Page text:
49. It’s a big ouch to realise that time is a construct that we buy into. When we make this purchase we pay with our lives.

  50. Putting pressure on ourselves is a really effective way to disregard ourselves, and is related to being attached to time. We then go either too fast to get things done or we hold back and procrastinate, neither being natural expressions…

    1. Yes of course, that’s the opposite of going into quick mode to get things done; we hold back and procrastinate, which does not serve anyone, much better to be in the flow and all the space that comes with being in a flow brings us all we need.

  51. When we are in connection with ourselves we will be in harmony with the flow of the universe and in this space our watches and clocks become time tellers rather than time dictators.

    1. I have found the same Michael and so the question begs what do people get when I get caught up and focus on time? I know I can easily inadvertently blank people as my focus can become very blinkered, I can be short with people as I do not want to waste time etc.. so effectively all my relationships suffer as does the quality and end result of whatever task I am doing.

  52. Moving with our bodies and the rhythm in which feels most supportive not only offers us a greater ease in life but also more expansion and space to be simply as we are and live via our natural rhythm.

    1. It’s true Kelly. If we read time we have the space to read energy, opportunities and influences in a way that completely changes the course of our lives.

  53. Our body lives life in moments and doesn’t lend itself to being rushed; it is our mind that takes over and starts racing time, competing with and trying to outsmart it, to our detriment.

  54. To impulse our movements we can rely either on time or space. In the first scenario, it is about making sure that you get to B at a time that will give you the necessary time to move to C and so on and at the end of the day, you can proudly say, I achieved everything I meant to and go to sleep in that satisfaction. In the second scenario, you make a permanent effort to align to a quality that also impulses your movements. When this happens, you go to sleep in a body deeply held by you and deeply held by your body. Two totally different scenarios, possibly same ‘actions’.

    1. Your description Eduardo of these two approaches we can have to life reveal just how much the human race has put an emphasis on quantity over quality of actions/movements. So it is no wonder that we may feel like we had a good day when we get all kinds of tasks accomplished, even though we may have been exhausted, in a drive that pushed our bodies past its comfort zone, and were totally disconnected from our bodies and thus other people. But when we put focus on each movement with presence without looking ahead with expectation of the next move, space opens up big time.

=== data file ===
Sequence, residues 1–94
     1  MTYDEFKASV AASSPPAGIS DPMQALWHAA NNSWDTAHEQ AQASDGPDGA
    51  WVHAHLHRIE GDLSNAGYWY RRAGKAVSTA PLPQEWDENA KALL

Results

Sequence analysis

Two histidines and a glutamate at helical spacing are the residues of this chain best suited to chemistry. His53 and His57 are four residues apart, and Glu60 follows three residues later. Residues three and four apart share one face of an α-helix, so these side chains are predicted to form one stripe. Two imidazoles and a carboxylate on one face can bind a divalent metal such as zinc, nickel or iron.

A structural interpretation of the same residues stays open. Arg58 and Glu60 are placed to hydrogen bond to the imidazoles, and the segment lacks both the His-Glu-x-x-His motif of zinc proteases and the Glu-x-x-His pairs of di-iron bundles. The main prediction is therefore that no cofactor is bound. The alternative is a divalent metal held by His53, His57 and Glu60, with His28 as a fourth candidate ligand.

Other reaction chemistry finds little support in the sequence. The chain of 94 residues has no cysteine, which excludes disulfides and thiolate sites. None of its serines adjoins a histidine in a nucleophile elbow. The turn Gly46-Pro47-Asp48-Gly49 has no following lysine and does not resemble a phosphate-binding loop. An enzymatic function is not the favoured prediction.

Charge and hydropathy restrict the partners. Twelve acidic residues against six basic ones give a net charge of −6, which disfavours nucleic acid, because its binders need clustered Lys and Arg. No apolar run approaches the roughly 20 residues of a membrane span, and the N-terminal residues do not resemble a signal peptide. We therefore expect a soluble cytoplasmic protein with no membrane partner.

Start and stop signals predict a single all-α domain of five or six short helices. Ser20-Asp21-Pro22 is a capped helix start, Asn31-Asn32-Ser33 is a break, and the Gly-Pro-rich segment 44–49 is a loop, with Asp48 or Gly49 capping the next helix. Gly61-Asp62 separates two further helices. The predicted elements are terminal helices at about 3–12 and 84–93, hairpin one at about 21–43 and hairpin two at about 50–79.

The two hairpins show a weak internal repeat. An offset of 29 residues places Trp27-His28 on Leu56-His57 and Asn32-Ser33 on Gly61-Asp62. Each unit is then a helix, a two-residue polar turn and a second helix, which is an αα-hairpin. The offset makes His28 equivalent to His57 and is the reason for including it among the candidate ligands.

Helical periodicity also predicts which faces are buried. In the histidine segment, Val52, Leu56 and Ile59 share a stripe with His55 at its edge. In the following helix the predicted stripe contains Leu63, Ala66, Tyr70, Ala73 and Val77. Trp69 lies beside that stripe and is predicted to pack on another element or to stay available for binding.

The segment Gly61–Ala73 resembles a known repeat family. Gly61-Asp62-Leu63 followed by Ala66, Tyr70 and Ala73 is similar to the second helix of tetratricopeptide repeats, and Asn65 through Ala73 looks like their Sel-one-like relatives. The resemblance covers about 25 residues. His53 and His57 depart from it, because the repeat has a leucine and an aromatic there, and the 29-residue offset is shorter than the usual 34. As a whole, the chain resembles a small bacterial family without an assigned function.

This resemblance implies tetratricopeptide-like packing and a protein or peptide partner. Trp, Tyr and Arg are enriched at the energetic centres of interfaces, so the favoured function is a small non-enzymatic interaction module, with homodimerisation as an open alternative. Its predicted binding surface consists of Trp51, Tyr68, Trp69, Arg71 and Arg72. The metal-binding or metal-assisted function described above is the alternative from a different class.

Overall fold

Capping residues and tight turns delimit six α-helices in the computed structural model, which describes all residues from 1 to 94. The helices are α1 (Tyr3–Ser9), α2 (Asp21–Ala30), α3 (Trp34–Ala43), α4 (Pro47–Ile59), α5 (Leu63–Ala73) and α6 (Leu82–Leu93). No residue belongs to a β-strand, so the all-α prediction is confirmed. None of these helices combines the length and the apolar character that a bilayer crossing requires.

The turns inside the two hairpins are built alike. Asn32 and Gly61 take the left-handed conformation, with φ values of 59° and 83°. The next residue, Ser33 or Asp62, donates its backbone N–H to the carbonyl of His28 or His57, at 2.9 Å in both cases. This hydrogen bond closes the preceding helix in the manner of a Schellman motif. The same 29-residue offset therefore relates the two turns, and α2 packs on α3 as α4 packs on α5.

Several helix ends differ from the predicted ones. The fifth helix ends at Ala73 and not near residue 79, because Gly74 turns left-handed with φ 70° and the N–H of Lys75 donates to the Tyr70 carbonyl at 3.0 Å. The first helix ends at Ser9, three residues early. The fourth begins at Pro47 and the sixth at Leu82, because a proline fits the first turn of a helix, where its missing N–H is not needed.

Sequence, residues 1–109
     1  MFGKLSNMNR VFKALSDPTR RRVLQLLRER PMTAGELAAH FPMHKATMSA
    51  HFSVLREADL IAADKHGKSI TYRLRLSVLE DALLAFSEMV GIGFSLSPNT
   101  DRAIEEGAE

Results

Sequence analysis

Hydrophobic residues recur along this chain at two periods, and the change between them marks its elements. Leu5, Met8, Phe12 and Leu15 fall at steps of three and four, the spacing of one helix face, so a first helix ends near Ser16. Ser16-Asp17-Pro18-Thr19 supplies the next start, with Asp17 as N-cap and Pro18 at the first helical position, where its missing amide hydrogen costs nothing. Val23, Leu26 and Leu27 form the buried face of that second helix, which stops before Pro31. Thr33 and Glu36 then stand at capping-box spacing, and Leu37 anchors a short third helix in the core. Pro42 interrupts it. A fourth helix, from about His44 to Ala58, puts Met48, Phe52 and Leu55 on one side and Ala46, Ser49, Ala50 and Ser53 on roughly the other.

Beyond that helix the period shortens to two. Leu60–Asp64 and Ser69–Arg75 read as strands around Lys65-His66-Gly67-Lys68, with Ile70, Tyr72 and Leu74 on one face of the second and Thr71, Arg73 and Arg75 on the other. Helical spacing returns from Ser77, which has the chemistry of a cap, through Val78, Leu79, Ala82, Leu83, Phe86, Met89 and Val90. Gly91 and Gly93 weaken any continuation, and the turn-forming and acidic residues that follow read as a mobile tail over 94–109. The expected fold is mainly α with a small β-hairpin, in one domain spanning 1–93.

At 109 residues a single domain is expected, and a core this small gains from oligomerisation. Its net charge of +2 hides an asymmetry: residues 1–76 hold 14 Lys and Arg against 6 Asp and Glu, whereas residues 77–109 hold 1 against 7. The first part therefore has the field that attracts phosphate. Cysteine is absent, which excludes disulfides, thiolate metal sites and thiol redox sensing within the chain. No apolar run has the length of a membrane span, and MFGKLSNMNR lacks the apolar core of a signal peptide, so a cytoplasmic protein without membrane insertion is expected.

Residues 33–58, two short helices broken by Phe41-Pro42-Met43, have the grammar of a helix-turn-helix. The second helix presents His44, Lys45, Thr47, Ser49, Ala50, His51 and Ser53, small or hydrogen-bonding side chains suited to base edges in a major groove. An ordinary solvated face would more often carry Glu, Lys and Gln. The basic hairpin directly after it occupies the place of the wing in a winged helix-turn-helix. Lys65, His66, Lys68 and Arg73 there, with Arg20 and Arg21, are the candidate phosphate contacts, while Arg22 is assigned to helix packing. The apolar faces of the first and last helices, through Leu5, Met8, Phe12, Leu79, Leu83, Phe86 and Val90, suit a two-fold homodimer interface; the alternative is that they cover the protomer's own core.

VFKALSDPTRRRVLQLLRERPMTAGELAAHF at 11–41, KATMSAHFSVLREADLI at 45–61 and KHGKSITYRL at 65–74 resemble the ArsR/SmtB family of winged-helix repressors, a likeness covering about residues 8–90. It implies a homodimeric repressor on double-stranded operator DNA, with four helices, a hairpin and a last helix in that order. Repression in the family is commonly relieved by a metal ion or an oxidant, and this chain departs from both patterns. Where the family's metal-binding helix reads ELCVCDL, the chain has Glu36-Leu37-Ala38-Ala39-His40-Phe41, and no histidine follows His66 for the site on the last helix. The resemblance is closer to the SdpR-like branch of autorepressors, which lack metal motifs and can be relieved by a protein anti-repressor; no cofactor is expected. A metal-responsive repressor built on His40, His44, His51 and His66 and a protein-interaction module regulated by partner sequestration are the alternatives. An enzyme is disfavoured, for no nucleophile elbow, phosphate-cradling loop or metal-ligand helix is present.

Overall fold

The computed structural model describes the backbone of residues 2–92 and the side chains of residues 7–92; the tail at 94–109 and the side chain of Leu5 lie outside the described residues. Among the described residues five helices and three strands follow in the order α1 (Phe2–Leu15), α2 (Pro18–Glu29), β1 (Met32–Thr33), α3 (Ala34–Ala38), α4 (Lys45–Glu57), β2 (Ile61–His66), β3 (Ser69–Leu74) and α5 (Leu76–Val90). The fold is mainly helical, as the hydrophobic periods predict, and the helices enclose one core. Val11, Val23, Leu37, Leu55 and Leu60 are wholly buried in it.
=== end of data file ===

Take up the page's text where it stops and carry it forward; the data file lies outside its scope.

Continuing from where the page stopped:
55. You can so easily get caught up in time and needing to push yourself to complete something so you can get onto the next thing or be somewhere. This used to be my normal but thanks to understanding and feeling that this wasn’t supporting or working for me, letting go of time and supporting myself with having loads and not asking to much of myself with things I need to do then my day is so much more open and spacious yet I am super productive and get so much more done.

  56. When we stay in tune with our bodies and follow what we feel is needed rather than do what we ‘think’ we should, space literally opens up and we can be far more efficient and productive in less time than if we try to keep going and push through our tiredness when all our bodies want to do is rest.

  57. I used to also race with time, I never seemed to have enough time to get everything done in the day, a fast way to burn myself out. Now, if I go into a rush or drive it feels so horrible in my body, staying present and being aware of my quality in moving is really supporting me to build a relationship with space.

  58. Appreciation is so important to help build a strong foundation of how we are now living and the quality of our movements, ‘Appreciating the changes daily that build a foundational support level to connect to.’

  59. It’s interesting how we use our relationship with time as a sort of security safety blanket, whereby we can prove to ourselves that we’re enough, if we get x, y and z done within the time frame that we’ve set ourselves. Yet this way of operating keeps us stressed out and on high alert, constantly clock watching and racing against time, trying to beat it. There are always things that we need to do, and taking our time doing them doesn’t necessarily feel good either, but letting go of time, by working with space to feel what needs to be done in every moment feels so much more empowering and liberating.

  60. Again I failed to win the race with time today, and yesterday, and… 😉